JBoss Fuse - Fuse workshop 101 - Part One

On my way to Hong Kong for a day of workshop on JBoss Fuse, and as I go through my Slide deck, I cannot find any decent easy workshop for beginners. Therefore I decide make a workshop that is easy for Camel first timer to get their hands dirty. The first of part of the workshop is an introduction to Camel, it first goes through what is exactly inside JBoss Fuse. For part one of the workshop, it takes your through the very basic of Camel, one of the very important component inside JBoss Fuse. Every Camel need to have a runtime container to run in, inside camel we call it a CAMEL CONTEXT.  Inside every Camel context, you can define lots of camel route and registry, don't worry about what those are, we will explain later. So inside out blueprint xml, you will see a tag called camelContext. Next up is camel route, they are a chain of command or process defined by you, as a developer. Inside the camel route, there are consumer endpoints that listens to the incoming mess

JBoss Fuse - Easy Load Balancing Web Service with JBoss Fuse

There are few ways to do load balance with web Service, using the Http Gateway is probably the easiest way to do the load balance in Fuse, First we deploy our restful webservice bundle to 2 containers in Fuse, by doing so, we have 2 container running the web service on 2 different container with different IP:Port combination. But, inside your application container, make sure you expose your web service to the fabric. Please see the  tips and trick post  I post before to see how it is done. The reason we are doing this, is to register our web service, in this case a restful webservice, is to let fabric know there is a registered service, and know where they are. Next, we are going to add a http gateway to a container, it will handle all the request dispatching, for load balance, this http gateway will find all the registered service under /servlet and /webapp. Also open up a port for client to connect.  Create a new container, and add Gateway/http profil

JBoss Fuse - Parsing CSV file playing with Websocket in Camel Part two

Continue on from the last post, as in a vegetable wholesalers warehouse, when ever a truck comes in with loads of goods, when the driver signs the goods over, a cvs file contains the product information will be feed into our system via wireless transmission. And then the content of the file needs to go to 2 places simultaneously, first display the content on the monitor for the bider to see instantly, also it needs to store the content inside the system.  We used the Bindy data format converter component in camel to convert CSV into POJO from the previous post.So now to display the content, we are going to continuously print out the arrived goods data to all the connected devices, such as the big monitor in the warehouse or distributor's hand-held device. For this we are going to publish the content to all client( html5 web page ) that are connect to our websocket, and store the content into a constant POJO at the same time.  The WebSocket endpoint is pretty simple and st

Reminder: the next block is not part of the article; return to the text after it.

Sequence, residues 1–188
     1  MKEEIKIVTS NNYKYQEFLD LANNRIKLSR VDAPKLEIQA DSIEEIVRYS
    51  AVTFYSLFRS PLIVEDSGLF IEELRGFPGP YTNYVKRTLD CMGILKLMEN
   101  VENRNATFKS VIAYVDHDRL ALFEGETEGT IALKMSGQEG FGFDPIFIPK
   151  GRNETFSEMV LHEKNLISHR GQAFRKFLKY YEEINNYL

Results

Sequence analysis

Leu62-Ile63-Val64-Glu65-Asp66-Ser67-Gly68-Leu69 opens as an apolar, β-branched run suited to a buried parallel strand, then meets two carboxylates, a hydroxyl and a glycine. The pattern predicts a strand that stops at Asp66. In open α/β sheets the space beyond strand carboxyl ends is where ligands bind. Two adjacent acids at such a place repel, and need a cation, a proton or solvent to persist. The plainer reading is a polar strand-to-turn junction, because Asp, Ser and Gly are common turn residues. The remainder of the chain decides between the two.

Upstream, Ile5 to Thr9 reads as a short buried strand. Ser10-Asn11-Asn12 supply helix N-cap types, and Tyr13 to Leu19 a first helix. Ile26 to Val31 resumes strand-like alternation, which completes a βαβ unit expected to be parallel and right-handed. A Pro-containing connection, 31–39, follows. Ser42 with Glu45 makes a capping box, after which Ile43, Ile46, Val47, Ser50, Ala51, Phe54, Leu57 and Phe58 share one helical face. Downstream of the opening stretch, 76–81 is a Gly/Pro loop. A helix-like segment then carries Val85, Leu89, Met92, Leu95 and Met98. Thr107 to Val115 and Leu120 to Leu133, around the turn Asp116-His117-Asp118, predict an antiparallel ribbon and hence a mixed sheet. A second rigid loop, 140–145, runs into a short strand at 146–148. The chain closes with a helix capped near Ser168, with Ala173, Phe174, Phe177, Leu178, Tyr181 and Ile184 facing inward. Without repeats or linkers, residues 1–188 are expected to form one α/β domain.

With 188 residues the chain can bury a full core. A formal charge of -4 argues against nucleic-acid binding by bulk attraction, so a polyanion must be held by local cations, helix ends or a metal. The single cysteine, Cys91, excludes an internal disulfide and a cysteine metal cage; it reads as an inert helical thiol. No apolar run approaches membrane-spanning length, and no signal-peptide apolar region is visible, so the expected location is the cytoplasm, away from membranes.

JBoss Fuse - Parsing CSV file playing with Websocket in Camel Part one

As I was jogging this morning, I went pass a vegetable warehouse, because it was really early in the morning, I saw the veg distributor were biding for tons and tons of vegetables, they were yelling and shouting. Love the atmosphere, and I saw a monitor that shows all kinds of information about the goods they delivered. So I begin to wonder, can I do this with Camel?  OK, so here is the case, when ever a truck comes in with loads of goods, when the driver signs the goods over, a cvs file contains the product information will be feed into our system via wireless transmission. Because we need to work with these data, our first step is then to covert the individual items in csv file into Java Objects. Since there are multiple items in one csv file, so it's a perfect timing for us to use the splitter pattern in Camel.  After we split each product, we can use the built-in Bindy Data format to convert the single line csv item into a Pojo. For Bindy, it is used for conv